What Are Benzos?

The term “benzos” is a shortened name for benzodiazepines, a type of central nervous system depressant. Benzodiazepines are prescribed to treat conditions like alcohol withdrawal, anxiety, panic disorder, and seizures. While many people who take benzodiazepines use them for medical reasons, some individuals illegally purchase and abuse this type of drug. Some examples of benzos include Xanax, Ativan, Klonopin, Librium, and Valium.

Most benzodiazepines work by attaching to certain brain receptors that reduce sensitivity to stimulation, leading to a calming or relaxing effect. But like all other prescription medications and other kinds of drugs, benzodiazepines come with risks and potential side effects.

Some side effects of benzodiazepine use  include:

  • Lightheadedness
  • Confusion
  • Drowsiness
  • Memory impairment
  • Sedation
  • Nausea
  • Vomiting
  • Constipation
  • Weight gain
  • Dry mouth
  • Improper balance
  • Appetite changes
  • Reduced libido
  • Jaundice

While the side effects above may be uncomfortable, they are typically not dangerous and can be treated at home.

In rare cases, benzodiazepine use can produce symptoms that are dangerous and potentially life-threatening. The following side effects require urgent medical attention:

  • Slow heart rate
  • Seizures
  • Low blood pressure
  • Fainting
  • Increased heart rate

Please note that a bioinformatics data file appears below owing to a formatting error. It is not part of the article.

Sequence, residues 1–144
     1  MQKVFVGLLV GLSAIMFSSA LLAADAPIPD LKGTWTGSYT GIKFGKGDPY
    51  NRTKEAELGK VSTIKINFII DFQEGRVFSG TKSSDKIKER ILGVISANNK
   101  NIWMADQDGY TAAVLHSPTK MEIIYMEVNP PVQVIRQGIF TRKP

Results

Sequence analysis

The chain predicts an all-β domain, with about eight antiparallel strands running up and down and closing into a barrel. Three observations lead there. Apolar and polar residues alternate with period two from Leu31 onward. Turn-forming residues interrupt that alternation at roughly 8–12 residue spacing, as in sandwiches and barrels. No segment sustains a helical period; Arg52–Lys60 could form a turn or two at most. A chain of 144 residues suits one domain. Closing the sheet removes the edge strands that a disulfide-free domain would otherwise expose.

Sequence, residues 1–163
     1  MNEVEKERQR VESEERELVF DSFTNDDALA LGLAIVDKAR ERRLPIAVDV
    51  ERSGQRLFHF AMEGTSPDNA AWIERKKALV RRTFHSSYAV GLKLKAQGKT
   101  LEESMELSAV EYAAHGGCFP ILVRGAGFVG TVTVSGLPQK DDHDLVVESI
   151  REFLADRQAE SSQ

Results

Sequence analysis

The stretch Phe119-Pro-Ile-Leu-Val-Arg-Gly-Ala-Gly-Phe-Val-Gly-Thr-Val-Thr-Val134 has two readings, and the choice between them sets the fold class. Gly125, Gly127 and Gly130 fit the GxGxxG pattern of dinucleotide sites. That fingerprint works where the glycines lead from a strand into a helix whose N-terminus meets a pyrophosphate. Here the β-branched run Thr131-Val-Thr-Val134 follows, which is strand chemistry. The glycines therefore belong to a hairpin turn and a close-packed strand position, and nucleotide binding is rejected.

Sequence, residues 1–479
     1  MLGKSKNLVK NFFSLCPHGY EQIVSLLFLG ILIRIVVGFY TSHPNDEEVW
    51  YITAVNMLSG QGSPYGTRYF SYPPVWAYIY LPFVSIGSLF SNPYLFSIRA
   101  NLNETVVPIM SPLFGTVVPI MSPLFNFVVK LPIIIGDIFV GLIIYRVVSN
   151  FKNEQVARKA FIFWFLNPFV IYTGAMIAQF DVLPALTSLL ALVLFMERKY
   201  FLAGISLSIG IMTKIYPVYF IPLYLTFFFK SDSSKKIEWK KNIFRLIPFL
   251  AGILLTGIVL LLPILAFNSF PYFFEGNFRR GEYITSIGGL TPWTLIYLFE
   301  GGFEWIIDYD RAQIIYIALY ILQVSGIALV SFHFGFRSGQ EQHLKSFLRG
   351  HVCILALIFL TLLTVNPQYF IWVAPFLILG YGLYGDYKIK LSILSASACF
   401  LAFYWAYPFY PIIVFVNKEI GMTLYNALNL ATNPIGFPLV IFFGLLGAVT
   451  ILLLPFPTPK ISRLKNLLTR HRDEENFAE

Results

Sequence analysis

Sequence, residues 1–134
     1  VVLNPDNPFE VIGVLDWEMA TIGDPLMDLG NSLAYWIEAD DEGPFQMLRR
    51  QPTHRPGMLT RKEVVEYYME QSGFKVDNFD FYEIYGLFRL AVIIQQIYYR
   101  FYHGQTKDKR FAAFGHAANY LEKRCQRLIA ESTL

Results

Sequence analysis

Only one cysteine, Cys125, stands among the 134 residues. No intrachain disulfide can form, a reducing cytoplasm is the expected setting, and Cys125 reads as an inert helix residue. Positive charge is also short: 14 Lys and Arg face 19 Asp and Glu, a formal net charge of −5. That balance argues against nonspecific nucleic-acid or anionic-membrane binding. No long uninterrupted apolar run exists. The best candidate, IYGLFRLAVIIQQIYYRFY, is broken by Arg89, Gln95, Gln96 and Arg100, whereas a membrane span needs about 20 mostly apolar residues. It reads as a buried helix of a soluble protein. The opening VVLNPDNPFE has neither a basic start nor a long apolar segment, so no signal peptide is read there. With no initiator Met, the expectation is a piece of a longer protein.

In addition to the risk of side effects, benzodiazepine abuse can lead to dependence. When someone becomes addicted to benzos, they may experience withdrawal symptoms after they stop taking them.

Withdrawal From Benzodiazepines

If someone takes benzos for a long period, they may build a tolerance to them. As someone builds a higher tolerance, they will require more of the medication to feel the same effect. When a person suddenly stops taking benzodiazepines, they will begin to go through withdrawal. Withdrawal symptoms are possible regardless of whether someone uses benzos illegally or according to prescription.

Signs of withdrawal may begin anywhere from 8 to 24 hours after someone stops using the drug, depending on how often they use it.

Common withdrawal symptoms include:

  • Sleep disturbances
  • Difficulty concentrating
  • Panic attacks
  • Cravings
  • Hand tremors
  • Muscular discomfort
  • Excessive sweating
  • Heart palpitations
  • Headaches.

The most severe side effects of withdrawal are seizures, hallucinations, psychosis, and suicidal ideation. While withdrawal can be dangerous, it can be navigated safely and effectively with the right care.

At-Home Benzo Detox: Is It Safe?

Detoxing from benzodiazepines carries risks and side effects, so it is generally safer to detox in a medical setting under the care and supervision of trained professionals. Medically supervised detox can reduce the discomfort of withdrawal and ensure a person’s safety as they begin their recovery journey. After detox, patients can transition directly to rehab for addiction treatment, which is an essential part of long-term sobriety and recovery.

Treatment For Benzo Dependence & Abuse

When a person goes through detox in a medical environment, their detox may be paired with residential or outpatient drug addiction treatment. Treatment plans may include a combination of medications, therapies, and other types of support.

To learn more about withdrawal and detox from benzodiazepines, contact our team of substance abuse treatment specialists by giving us a call at 866-604-7056.